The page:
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7 Ways to Ward Off the Workplace Bully

Friday, 8 February 2013

7 Ways to Ward Off the Workplace Bully

There are countless horror stories of "workplace bullying." According to The Workplace Bullying Institute (bullyinginstitute.org) it's defined as: repeated, health-harming mistreatment of one or more persons (the targets) by one or more perpetrators that takes one or more of the following forms: 

* verbal abuse 

* offensive conduct/behaviors (including non verbal) which are threatening, humiliating or intimidating 

* work interference -- sabotage -- which prevents work from getting done. 

Workplace Bullying: (a) is driven by perpetrators' need to control the targeted individual(s) (b) is initiated by bullies who choose targets, timing, place and methods (c) escalates to involve others who side with the bully, either voluntarily through coercion, and it (d) undermines legitimate business interests when bullies' personal agendas take precedence over work itself. 

The WBI-Zogby 2007 survey, the largest scientific U.S. study, found that 37% of American workers have directly experienced workplace bullying and that another 12% have witnessed it. As for the gender breakdown, women comprise most of the targets and more surprisingly, women bullies target other women. 

With statistics like these and the overwhelming evidence of the damage that it causes to the workplace what can we as leaders do to combat it?

Here are seven ways to ward off the bully in your organisation: 

1. Foster an environment of openness and honest communication. Bullies do their best work in the dark. They use hidden agendas, manipulation, and soliciting others to help them victimize their targets. By creating an environment of openness and honesty in your organisation, you leave less places for bullies to hide their dirty dealings. 

2. Ensure transparency in all departments. In conjunction with creating an environment of openness, ensure transparency in all departments. Employees that are afraid of being yelled at have been known to cook the books. Make sure you know what is going on in all departments so bullies don't stand a chance of thriving undetected. 

3. Encourage positive team meetings. This is especially important when executive meetings are held and leaders or supervisors have to report back to their direct reports. A negative meeting is likely to have a negative effect on the next meeting as it trickles down through the organisation. If negative things must be discussed during a meeting ensure that something positive is discussed at the end so attendees leave on a high note. 

4. Believe your employees. If they report a bullying incident to you, believe them. Acknowledge them for their courage in coming forward. By the time a target comes forward, they have likely been victimized a number of times. Bullies tend to intimidate their victims into believing that no one will listen to them. That's how they get their power. Assure your employee that you believe them, you are listening to their concerns, and that you WILL do something about it. And then do it!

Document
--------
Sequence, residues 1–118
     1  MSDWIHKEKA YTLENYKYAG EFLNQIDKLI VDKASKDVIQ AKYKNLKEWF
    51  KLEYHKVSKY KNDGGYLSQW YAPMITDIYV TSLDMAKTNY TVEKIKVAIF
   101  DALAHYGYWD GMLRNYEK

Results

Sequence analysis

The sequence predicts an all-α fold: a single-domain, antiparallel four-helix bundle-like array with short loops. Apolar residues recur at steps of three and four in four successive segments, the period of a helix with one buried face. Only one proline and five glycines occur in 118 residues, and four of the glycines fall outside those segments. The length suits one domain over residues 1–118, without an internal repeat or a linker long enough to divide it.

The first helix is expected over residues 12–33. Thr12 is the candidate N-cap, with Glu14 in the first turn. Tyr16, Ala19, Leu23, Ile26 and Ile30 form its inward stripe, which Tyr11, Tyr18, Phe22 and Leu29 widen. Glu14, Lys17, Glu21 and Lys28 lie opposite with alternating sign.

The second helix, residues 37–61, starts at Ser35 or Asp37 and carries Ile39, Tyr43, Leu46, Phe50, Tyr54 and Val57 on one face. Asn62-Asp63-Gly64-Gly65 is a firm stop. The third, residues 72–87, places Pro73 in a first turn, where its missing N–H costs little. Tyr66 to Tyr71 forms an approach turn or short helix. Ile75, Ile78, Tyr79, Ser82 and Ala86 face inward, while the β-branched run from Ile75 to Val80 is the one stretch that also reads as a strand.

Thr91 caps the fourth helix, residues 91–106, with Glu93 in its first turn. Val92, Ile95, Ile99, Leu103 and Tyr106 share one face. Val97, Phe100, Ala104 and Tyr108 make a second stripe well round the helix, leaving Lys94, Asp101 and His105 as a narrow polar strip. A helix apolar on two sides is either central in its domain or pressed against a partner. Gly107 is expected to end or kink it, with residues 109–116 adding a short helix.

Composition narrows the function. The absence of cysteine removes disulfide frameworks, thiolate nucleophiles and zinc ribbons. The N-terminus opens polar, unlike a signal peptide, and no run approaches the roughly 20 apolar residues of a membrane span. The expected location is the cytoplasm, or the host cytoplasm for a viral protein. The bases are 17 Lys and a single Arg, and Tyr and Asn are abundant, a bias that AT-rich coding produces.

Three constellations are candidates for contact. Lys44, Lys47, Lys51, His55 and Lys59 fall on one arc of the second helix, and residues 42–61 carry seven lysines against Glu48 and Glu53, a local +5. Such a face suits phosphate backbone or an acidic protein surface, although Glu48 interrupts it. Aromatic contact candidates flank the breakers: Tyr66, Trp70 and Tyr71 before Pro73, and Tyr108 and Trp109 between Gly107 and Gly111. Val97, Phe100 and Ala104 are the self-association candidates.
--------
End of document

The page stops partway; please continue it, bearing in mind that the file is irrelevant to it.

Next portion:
5. Create a policy to prevent Workplace Bullying. Create a customized, internal, loophole-free policy to prevent workplace bullying. This can be a stand-alone policy or one that expands existing workplace policies. There are various resources available to help you create a policy but the resource affiliated with The Workplace Bullying Institute is Work Doctor ([http://www.workdoctor.com/policy.html]) who offer The Namie Blueprint ™ To Correct and Prevent Workplace Bullying.

6. Put a process in place for dealing with bullies. It is not enough just to have a policy in place; it must also be enforceable. It does no good if bullies aren't held accountable for their actions. Bullies allowed to run amok risk the health and well-being of everyone in the organisation. The process must include procedures for complaints, responses, and remedies and it must be applied throughout the entire organisation without exception for it to be credible and effective.

7. Provide training and education on bullying. For the policy to be effective, all employees, supervisors, and administrators must be trained and educated. Just as the policy is no good unless it is enforced; the enforceability of the policy is no good unless everyone knows their rights and responsibilities under the policy. We all know that knowledge is power. Empower your employees to combat bullying. If you want to retain good employees, you must nip Workplace Bullying in the bud. Sometimes employees don't leave for a better position, they leave to escape a bad one. By fostering a bully-free workplace, you are one step closer to keeping your most valuable asset - your employee.

Source

Learn about Barringtons Prevention of Workplace Bullying Online Training here.

Blayne Webb, Director, Barringtons

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